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Announcing the 2020-2021 recipients of the UC Davis Bilinski Fellowship at Bodega Marine Laboratory

Thursday, December 17, 2020 (All day)

The Coastal and Marine Science Institute is pleased to announce the ten recipients of the UC Davis Bilinski fellowship at Bodega Marine Laboratory for 2020-2021. Russell J. and Dorothy S. Bilinski’s life goal was to be “independent and challenged intellectually.” They strongly valued self-sufficiency, a sense of ambition, and above all, responsibility. Their legacy continues in their nonprofit corporate foundation that provides fellowship funds for post-secondary education for students who have demonstrated and will maintain both the highest academic achievement and good moral character. 

Bilinski fellowships are awarded to outstanding doctoral students whose selected projects, based at the UC Davis Bodega Marine Lab, exhibit innovation, collaboration, and are a key component of the student’s final dissertation. The awardees below successfully bridged the natural sciences, social sciences and humanities in their project proposals. As a result, recipients were each awarded $20,000 to assist with tuition, stipend, and research expenses.

Photo of Kristen ElsmoreKristen Elsmore​​​​​​

Kristen Elsmore is using kelp forest restoration to explore mechanisms for persistence of urchin barrens in northern California’s rocky reefs. Kristen will work in collaboration with Reef Check California, Noyo Center for Marine Science, local fishermen, artists, and elementary students to create a 3-D model of an urchin barren which will be on display at the Noyo Center for Marine Science in Ft. Bragg.

Graduate Group in Ecology


Photo of Hannah KemphHannah Kempf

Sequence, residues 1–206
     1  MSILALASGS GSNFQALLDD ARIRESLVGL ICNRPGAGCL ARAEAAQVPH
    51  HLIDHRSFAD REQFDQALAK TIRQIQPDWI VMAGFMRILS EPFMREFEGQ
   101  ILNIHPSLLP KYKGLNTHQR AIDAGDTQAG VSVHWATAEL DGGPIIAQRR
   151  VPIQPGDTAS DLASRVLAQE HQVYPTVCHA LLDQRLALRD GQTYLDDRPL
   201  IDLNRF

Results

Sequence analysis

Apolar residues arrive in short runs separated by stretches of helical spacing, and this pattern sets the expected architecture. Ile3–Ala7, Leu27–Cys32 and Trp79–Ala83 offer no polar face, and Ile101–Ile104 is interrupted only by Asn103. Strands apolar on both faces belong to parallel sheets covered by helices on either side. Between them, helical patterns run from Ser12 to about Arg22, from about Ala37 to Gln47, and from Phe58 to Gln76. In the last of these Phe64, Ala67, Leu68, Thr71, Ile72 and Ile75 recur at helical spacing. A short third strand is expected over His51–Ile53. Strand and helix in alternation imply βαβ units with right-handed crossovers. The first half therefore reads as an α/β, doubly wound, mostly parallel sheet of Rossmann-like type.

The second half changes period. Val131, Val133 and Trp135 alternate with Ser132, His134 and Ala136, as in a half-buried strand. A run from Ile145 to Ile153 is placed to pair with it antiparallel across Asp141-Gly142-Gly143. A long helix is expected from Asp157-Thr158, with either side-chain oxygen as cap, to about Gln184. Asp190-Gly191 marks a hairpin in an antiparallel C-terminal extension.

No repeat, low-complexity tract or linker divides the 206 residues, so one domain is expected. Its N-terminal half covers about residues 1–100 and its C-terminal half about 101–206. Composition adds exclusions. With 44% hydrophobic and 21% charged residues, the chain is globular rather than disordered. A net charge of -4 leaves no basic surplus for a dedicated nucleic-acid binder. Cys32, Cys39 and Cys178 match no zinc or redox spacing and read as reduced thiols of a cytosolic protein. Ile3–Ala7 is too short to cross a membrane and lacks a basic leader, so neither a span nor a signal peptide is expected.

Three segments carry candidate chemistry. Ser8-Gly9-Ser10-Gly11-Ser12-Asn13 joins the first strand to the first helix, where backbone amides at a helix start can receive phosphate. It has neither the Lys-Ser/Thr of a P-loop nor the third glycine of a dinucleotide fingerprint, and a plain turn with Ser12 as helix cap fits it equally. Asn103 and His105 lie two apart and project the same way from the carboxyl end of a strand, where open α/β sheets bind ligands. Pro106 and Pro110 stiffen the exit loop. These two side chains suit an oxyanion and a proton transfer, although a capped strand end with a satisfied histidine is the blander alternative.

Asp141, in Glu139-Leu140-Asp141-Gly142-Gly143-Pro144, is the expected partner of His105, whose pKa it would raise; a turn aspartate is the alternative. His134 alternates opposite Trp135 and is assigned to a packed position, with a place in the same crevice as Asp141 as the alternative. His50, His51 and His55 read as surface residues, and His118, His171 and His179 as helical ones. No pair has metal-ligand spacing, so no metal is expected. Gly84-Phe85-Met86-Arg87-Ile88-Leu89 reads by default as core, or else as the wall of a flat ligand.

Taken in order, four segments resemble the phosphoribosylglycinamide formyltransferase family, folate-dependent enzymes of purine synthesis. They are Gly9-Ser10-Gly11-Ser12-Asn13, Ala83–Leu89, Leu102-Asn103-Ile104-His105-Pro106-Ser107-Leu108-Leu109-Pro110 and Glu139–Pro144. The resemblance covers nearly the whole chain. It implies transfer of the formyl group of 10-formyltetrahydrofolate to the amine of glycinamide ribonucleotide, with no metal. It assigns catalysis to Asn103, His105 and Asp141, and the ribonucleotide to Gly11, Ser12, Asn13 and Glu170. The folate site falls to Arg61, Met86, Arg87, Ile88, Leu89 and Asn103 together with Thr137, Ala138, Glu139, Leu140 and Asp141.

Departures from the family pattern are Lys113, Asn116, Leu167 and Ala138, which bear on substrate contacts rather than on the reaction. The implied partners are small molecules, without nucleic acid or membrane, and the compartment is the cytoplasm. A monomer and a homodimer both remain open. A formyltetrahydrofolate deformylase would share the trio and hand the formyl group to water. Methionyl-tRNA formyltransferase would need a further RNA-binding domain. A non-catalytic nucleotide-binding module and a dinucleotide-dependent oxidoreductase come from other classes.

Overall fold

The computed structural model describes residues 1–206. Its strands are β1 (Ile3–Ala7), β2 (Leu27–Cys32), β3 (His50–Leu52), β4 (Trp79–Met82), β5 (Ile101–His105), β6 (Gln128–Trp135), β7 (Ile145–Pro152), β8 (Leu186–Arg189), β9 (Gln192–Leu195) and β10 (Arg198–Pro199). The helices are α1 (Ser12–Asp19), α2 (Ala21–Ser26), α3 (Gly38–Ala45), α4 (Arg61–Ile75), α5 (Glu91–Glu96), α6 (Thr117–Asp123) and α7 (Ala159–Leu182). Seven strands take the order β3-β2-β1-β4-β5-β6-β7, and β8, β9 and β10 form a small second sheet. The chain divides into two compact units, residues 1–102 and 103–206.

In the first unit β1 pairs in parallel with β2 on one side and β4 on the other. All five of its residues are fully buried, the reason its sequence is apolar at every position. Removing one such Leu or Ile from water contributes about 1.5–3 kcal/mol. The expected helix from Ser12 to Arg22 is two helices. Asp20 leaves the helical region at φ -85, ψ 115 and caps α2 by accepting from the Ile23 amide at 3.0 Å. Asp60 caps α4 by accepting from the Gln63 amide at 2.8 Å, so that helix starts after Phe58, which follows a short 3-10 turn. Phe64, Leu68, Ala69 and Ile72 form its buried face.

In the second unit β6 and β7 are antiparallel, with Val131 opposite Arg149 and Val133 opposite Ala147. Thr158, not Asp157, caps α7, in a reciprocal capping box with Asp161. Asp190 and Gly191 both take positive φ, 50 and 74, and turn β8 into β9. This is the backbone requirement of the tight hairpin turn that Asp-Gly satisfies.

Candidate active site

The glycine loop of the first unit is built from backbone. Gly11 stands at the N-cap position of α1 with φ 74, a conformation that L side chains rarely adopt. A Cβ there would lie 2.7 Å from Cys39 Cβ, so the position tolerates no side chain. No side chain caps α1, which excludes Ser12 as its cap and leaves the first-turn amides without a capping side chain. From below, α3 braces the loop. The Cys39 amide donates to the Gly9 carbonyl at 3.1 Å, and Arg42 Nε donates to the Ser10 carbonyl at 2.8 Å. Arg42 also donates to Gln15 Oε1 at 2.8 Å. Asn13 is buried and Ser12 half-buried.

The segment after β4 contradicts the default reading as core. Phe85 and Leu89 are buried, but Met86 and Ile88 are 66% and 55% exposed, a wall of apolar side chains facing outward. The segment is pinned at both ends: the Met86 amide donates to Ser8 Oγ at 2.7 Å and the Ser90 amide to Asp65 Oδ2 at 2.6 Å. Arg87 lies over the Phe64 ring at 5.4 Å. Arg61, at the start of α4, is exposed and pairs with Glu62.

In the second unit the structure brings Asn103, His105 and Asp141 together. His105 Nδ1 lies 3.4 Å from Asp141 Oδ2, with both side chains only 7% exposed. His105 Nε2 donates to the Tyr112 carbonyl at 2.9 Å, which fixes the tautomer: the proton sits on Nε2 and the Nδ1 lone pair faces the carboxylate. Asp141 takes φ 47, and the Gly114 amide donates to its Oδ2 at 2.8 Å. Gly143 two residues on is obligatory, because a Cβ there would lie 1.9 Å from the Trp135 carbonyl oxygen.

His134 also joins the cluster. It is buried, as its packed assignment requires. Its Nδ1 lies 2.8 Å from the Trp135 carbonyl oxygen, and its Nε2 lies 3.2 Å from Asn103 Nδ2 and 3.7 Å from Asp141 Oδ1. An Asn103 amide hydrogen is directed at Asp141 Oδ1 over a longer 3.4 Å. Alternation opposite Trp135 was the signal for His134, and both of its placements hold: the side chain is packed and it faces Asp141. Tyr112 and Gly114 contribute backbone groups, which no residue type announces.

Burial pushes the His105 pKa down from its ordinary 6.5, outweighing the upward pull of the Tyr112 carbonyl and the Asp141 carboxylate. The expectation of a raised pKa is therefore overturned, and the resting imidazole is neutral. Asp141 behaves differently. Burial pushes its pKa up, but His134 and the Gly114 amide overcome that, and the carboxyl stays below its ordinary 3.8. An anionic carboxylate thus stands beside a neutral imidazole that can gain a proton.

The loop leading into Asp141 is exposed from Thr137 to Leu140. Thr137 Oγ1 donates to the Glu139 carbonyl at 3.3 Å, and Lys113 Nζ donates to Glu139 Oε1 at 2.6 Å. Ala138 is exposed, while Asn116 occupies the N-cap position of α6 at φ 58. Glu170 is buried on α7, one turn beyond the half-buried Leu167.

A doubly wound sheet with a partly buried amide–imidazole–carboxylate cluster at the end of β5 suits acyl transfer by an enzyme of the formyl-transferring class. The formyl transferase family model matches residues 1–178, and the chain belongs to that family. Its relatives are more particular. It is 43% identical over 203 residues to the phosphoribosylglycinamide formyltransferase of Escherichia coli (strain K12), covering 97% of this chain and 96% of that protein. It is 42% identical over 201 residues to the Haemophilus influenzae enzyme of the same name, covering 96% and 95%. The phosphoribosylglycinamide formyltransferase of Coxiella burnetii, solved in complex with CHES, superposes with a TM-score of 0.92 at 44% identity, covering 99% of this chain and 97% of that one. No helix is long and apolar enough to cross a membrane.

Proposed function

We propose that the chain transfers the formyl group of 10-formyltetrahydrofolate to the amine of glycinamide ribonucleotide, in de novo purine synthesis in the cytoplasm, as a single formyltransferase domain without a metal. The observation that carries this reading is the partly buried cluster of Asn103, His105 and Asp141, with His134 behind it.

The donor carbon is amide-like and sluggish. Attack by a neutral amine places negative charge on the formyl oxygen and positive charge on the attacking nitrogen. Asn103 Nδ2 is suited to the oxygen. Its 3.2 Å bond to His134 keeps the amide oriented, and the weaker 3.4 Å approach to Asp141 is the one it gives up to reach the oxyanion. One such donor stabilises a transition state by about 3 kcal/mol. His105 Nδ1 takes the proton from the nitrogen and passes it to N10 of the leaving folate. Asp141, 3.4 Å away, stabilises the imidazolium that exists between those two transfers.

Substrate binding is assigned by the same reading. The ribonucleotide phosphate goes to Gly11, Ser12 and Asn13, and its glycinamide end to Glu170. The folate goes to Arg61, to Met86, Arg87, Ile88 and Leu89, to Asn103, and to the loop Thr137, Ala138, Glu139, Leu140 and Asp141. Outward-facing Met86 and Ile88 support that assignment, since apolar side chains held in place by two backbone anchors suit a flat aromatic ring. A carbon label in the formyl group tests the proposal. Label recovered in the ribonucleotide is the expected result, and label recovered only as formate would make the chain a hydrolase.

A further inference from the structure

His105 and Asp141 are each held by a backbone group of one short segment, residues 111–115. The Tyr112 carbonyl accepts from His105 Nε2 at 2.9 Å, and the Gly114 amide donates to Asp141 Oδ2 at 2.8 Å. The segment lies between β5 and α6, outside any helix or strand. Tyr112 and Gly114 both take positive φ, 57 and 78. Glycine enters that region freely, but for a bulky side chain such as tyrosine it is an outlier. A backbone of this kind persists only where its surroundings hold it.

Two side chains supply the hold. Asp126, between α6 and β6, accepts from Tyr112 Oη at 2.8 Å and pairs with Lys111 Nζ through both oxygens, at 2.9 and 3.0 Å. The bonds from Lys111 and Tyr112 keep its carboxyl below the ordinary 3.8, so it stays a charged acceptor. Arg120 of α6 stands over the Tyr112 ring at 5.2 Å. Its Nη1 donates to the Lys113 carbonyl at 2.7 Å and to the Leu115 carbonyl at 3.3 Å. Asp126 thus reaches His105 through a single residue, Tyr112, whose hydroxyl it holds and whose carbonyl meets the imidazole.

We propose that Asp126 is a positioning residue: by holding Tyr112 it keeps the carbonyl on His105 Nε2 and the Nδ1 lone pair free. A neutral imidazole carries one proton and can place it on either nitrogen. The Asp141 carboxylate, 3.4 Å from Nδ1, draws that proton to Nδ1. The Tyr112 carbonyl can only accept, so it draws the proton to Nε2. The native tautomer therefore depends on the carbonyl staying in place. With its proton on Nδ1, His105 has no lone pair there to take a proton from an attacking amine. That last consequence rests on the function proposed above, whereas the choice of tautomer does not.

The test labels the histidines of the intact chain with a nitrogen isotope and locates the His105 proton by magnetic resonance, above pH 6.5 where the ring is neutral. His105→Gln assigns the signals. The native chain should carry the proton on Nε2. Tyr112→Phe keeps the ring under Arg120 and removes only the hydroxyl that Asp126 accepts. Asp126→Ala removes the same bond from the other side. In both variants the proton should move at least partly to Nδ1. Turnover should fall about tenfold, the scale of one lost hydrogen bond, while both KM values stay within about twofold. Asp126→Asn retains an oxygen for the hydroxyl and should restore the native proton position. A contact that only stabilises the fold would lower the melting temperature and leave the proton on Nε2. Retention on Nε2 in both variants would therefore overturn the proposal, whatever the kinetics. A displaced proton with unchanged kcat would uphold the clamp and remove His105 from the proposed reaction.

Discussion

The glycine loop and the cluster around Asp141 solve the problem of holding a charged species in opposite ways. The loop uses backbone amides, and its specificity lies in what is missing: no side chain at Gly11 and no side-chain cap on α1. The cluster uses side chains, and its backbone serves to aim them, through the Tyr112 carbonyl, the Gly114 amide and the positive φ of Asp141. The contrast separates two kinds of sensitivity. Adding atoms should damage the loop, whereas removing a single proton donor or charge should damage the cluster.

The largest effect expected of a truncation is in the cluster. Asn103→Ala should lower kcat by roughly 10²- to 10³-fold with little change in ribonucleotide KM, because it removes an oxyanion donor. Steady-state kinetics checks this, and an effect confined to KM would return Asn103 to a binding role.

Hannah Kempf is interested in how shellfish respond to climate change. At BML, her project will investigate how traditional ecological knowledge can help buffer shellfish against ocean acidification. To do so she will collaborate with Native scholars, and use genomics and shell structure tools.

Graduate Group in Geology

 


Photo of Helen KilleenHelen Killeen

Helen Killeen studies how natural and anthropogenic sources of variability in the marine environment impact fisheries. Her doctoral research investigates how variable oceanography and climate change impact trophic relationships and the early life stages of fish. Helen's Bilinski fellowship will support her work to understand how Rockfish larvae move around in the coastal ocean and will fund an interactive public art installation, developed in collaboration with artists from the California College of the Arts, showcasing the mysterious lives of larval fishes. 

Graduate Group in Ecology


Photo of Angela KorabikAngela Korabik

Angela Korabik is studying how climate change and invasive species impact kelp reproduction and community composition. She is developing a course on kelp forest ecology and marine invasive species for recreational divers to take at local dive shops and plans to work with these local divers to remove the invasive kelp Undaria pinnatifida from harbors in Northern California.

Graduate Group in Ecology